Bernie Fine, Syracuse coach, fired after a tape revealed his wife watched him molesting a boy
Bernie Fine, the Syracuse University basketball coach accused of sex abuse has been fired after damning new evidence suggested his wife watched him molest a boy who was staying at their house.
Laurie Fine, the wife of Syracuse University coach, allegedly told one of her husband’s three accusers in a recorded phone call that she suspected he had done the same to other boys – but that she never did anything to stop it.
Laurie Fine is also said to have revealed that she slept with one of the victims, once he turned 18 – as it emerged that the tapes had been in the hands of police and ESPN for nearly ten years and no action was taken.
One of the alleged victims Bobby Davis, now 39, says he secretly taped the conversation in 2002 in an effort to collect proof that the longtime college basketball coach Bernie Fine, now 65, had abused him, starting when he was 12 years old.
“I know everything that went on, you know,” Laurie Fine says on tapes played by ESPN’s Outside the Line program.
“I know everything that went on with him. Bernie has issues, maybe that he’s not aware of, but he has issues. And you trusted somebody you shouldn’t have trusted.”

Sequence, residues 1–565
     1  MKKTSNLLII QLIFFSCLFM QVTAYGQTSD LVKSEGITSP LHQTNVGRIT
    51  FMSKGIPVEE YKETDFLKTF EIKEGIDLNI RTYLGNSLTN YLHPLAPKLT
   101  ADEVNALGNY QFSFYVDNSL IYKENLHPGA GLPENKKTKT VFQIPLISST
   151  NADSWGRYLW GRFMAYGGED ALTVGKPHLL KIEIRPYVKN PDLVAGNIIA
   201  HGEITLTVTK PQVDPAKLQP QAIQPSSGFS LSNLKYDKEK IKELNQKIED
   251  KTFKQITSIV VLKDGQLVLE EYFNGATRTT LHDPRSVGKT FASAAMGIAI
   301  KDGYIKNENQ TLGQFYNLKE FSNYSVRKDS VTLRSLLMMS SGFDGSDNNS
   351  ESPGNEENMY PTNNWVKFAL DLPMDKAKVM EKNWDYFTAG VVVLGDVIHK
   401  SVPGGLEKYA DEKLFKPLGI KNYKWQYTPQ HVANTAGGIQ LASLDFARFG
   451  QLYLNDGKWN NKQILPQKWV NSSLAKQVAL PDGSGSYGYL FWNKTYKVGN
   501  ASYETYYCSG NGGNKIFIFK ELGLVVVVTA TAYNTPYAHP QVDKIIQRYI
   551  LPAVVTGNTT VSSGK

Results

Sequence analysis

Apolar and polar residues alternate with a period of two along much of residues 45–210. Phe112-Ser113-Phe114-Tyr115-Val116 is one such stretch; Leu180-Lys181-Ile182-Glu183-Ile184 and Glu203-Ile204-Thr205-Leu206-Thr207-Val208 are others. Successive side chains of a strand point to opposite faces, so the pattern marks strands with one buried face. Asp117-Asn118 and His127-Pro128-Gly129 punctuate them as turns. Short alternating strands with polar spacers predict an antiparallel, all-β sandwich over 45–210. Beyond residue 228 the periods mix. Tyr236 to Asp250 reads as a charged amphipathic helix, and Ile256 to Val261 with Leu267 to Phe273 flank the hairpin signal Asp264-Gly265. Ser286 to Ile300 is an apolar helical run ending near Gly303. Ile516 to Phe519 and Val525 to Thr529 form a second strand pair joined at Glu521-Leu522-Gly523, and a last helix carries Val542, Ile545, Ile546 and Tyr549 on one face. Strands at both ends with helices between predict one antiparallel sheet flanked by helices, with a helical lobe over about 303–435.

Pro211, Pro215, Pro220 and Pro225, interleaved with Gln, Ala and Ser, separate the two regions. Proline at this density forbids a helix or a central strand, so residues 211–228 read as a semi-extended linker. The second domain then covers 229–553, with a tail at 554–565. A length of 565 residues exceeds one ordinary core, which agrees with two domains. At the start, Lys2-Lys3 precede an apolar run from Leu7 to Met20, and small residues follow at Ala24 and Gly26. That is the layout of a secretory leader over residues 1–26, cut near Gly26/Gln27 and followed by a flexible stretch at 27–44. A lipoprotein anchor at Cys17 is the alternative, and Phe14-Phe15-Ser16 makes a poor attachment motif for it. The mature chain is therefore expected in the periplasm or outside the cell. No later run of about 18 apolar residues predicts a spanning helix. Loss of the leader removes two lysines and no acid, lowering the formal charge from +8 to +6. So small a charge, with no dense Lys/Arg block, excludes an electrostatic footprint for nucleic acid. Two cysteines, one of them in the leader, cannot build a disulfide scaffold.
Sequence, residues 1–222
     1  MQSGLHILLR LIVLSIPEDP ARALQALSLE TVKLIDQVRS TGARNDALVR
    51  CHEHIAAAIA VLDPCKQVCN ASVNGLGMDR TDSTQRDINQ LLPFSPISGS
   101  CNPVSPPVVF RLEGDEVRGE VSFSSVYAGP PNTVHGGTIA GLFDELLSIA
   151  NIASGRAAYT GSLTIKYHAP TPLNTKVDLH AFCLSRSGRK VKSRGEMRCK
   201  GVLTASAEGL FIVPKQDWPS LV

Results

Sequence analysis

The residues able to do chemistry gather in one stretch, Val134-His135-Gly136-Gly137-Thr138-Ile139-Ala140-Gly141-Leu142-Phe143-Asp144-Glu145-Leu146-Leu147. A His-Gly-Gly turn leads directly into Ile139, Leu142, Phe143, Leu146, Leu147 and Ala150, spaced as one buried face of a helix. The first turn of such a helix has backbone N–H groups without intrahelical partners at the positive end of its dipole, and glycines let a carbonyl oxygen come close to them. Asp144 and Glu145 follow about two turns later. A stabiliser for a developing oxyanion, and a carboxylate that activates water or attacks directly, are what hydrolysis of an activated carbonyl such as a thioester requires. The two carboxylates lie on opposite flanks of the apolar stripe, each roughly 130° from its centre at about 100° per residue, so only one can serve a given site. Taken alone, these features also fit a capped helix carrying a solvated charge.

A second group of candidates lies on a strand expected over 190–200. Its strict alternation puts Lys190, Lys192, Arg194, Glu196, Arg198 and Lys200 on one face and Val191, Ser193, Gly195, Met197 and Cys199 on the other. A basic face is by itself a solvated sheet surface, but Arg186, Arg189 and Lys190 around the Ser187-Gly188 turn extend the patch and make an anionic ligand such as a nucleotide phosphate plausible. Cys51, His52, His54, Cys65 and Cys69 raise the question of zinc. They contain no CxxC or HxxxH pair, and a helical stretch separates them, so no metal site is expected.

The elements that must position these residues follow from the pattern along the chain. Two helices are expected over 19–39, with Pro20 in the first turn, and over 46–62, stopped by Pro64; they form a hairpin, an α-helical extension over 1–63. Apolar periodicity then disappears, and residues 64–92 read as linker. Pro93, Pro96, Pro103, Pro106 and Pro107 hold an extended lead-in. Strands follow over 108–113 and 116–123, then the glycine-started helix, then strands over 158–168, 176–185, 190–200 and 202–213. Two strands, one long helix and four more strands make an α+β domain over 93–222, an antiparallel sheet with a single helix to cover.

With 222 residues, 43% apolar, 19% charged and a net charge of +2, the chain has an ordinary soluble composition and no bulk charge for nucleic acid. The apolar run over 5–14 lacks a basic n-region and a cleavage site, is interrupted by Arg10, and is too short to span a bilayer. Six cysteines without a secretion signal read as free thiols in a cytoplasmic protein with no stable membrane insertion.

Bernie Fine has denied the allegations as “patently false”. However, Syracuse University today fired Bernie Fine after putting him on administrative leave earlier this month.
“At the direction of Chancellor Cantor, Bernie Fine’s employment with Syracuse University has been terminated, effective immediately,” said Kevin Quinn, the school’s senior vice president for public affairs.
Authorities have said if any crimes were committed, they are likely beyond the statute of limitation and no prosecutions can be made.
The phone conversation was verified by a voice-recognition analyst hired by ESPN.
Laurie Fine talks about the alleged abuse against Bobby Davis in a matter-of-fact tone and suggests she has known about it for many years.
“But you never had any [sex act] with him?” Laurie Fine asks Bobby Davis, who is an adult at the time of the phone call.
“No,” Bobby Davis says.
“I think he wanted to, but…”
Laurie Fine says: “Oh, of course he would! Why wouldn’t he?”
Bobby Davis lived with the Fines in the basement of their house on and off throughout his childhood. He says Bernie Fine began abusing him in 1984 when he was just 12 years old and in seventh grade.
Bobby Davis says Laurie Fine always knew something was going on and even caught her husband touching him when she peered through the blinds one night as she pretended to take out the trash.
It wasn’t until that incident, when Bobby Davis was in high school but still a minor, that Laurie Fine approached him and told him to stand up for himself. However, she never called police.
In the conversation, Laurie Fine seems to accept that her husband has predilections for boys and that there is nothing she can do about it.
“You know what, <<Go to a place where there are gay boys. Find yourself a gay boy>>,” Laurie Fine says.
“<<Get your rocks off, and have it be over with>>. He needs that male companionship that I can’t give him.”